Santa Fe to Taos: High Road vs Low Road

There’s nothing I love more than a good scenic drive…some people are all about hiking, but I’m never happier than when I can see magnificent sights from the car…windows rolled down (or up  depending on the temp), heated seats, cup holders, my Taylor Swift playlist…I’m a creature of comfort. 

I’ve spent quite a bit of time in northern New Mexico driving around, back and forth between Santa Fe and Taos, etc. 

If you’re planning your own northern New Mexico road trip (and Santa Fe and Taos are undoubtedly on the list) then maybe you’ve heard about the “High Road to Taos.” 

It’s a scenic road that connects Santa Fe and Taos. Well, here’s the thing…there’s a high road AND a low road. They’re both very scenic and they’ll both get you where you need to go (if Taos/Santa Fe is the destination), so which one should you drive? 

I’ve driven both the “high road” and the “low road” between Taos and Santa Fe. So if you’re planning a trip to the area and traveling between the two towns, here’s the scoop…

Santa Fe to Taos: High Road vs Low Road

Whichever road you choose, you’ll take 84/285 north from Santa Fe to Espanola. 

The Low Road to Taos

The “low road” is actually the main road (most direct route) between Santa Fe and Taos. The low road goes from Espanola roughly through Dixon and Pilar before coming through Ranchos de Taos and into Taos.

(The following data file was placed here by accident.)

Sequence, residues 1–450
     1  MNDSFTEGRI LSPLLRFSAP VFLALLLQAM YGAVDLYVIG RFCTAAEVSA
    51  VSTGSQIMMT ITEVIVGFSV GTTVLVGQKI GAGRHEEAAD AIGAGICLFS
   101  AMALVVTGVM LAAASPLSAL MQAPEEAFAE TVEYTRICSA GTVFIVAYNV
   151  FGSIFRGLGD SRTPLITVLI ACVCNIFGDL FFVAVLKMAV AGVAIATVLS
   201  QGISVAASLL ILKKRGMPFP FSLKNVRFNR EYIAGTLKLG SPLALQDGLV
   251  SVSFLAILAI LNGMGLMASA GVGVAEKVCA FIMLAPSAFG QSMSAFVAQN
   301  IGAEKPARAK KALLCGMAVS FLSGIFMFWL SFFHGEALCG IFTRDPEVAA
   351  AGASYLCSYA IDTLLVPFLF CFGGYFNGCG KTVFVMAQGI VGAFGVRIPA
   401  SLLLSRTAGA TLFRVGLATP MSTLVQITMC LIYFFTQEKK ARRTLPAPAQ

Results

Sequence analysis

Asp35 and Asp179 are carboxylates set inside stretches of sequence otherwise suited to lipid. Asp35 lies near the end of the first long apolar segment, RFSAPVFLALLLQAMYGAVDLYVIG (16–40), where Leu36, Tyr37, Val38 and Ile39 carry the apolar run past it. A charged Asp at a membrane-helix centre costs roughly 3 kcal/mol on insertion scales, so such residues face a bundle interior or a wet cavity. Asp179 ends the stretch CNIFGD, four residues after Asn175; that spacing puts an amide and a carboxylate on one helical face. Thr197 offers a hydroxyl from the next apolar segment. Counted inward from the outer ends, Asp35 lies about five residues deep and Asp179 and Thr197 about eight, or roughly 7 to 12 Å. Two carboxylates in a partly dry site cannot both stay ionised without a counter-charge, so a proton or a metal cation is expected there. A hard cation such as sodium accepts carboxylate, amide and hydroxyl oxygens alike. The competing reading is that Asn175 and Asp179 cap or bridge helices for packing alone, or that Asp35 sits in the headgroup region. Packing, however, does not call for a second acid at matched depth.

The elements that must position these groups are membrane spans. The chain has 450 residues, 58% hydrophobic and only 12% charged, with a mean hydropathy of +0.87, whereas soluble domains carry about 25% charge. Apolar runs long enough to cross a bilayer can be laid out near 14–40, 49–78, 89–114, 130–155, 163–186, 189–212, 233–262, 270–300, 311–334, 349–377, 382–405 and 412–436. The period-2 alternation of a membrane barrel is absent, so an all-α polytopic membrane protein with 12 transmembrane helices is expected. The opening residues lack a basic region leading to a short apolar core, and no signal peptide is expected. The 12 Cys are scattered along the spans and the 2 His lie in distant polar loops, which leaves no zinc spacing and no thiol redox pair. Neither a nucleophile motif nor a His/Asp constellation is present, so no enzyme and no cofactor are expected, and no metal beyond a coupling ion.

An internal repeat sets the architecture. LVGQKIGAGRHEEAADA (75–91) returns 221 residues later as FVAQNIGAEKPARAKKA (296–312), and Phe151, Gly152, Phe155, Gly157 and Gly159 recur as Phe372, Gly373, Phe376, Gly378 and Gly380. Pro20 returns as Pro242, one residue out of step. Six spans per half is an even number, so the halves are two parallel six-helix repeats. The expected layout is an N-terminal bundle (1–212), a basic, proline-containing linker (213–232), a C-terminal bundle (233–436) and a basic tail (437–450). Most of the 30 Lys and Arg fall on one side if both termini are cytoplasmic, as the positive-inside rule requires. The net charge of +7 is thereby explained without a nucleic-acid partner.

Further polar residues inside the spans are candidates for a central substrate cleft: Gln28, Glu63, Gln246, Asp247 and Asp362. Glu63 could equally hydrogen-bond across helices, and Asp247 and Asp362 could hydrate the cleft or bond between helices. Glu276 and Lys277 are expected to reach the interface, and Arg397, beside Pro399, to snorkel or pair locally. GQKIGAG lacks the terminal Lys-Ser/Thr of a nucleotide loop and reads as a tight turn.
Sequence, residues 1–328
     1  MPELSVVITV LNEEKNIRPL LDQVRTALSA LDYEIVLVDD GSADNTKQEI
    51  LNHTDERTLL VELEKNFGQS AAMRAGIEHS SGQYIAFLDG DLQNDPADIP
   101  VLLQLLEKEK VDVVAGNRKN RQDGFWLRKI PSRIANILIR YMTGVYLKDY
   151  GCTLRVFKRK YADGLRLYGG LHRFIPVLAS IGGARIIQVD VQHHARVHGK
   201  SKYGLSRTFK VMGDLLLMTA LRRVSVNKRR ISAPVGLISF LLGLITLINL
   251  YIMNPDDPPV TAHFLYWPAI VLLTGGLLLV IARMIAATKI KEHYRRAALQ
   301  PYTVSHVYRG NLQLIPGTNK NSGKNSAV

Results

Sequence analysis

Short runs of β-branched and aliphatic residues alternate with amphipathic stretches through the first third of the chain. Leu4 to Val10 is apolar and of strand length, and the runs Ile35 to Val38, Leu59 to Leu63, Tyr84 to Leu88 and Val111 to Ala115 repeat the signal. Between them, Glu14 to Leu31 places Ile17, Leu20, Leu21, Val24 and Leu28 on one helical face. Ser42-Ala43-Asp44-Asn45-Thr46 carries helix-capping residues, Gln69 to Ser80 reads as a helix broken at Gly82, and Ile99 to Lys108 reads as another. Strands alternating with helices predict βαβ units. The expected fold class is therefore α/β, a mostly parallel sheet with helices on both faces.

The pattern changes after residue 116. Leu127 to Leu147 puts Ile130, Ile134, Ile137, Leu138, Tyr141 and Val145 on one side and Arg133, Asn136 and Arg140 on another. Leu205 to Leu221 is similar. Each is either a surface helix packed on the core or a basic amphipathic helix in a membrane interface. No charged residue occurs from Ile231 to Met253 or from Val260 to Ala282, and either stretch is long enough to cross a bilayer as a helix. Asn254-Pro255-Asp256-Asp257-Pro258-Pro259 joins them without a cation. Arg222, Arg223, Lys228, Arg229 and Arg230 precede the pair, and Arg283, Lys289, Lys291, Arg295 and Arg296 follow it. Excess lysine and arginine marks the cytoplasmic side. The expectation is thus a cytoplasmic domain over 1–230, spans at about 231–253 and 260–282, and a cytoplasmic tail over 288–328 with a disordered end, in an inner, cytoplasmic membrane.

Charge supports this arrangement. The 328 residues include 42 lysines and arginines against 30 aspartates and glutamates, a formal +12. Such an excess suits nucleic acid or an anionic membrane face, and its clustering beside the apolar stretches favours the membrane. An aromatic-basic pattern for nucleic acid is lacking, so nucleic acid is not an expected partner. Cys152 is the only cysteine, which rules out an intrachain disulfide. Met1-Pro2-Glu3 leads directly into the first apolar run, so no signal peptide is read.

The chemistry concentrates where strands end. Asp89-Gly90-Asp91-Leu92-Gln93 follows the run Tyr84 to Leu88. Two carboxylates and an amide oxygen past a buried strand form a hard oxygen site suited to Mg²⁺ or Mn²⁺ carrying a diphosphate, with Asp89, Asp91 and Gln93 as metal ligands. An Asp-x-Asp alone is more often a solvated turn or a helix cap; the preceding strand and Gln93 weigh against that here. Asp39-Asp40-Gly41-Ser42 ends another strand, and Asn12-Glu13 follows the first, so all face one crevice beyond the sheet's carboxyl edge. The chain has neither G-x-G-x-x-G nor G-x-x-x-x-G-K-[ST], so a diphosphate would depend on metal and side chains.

They call it the “low road” because it’s lower in elevation. A large part of it follows the Rio Grande along the canyon floor before coming through the high plains towards the mountains in Taos. 

It’s a PRETTY drive and relatively straight forward. 

You’ll pass some wineries (Black Mesa Winery in Velarde), Sugar’s BBQ in Embudo and the “Classical Gas Museum” which I need to stop at next time. It looks like a classic Route 66 stop/wacky roadside. 

You can detour a tiny bit into Dixon for La Chiripada Winery (Vivac Winery is on the main road), the farmers market on Wednesday (in the summer and fall) and the annual Dixon Studio Tour (early November). Or Zuly’s Cafe for classic New Mexican food. 

Up closer to Pilar there are some places to pull over for great views of the Rio Grande. 

It’s about 1.5 hours from Santa Fe to Taos on the low road. 

The High Road to Taos

The “high road to Taos” is definitely the more famed scenic drive between the two. As the name implies, the high road is much higher in elevation and offers some pretty breathtaking scenic views. 

It’s definitely the type of drive where you feel like the whole world stretches out below you. 

Now unfortunately, I was the driver last time I took the high road so I don’t have any photos of the views, but they are spectacular!

The low road takes 76 through Chimayo and Trampas, 75 through Penasco and Vadito and 518 into Ranchos de Taos. 

Google/Apple maps have this drive at about one hour and forty minutes, but I don’t think that’s accurate at all. I’d say it’s more like 2.5 hours without stops.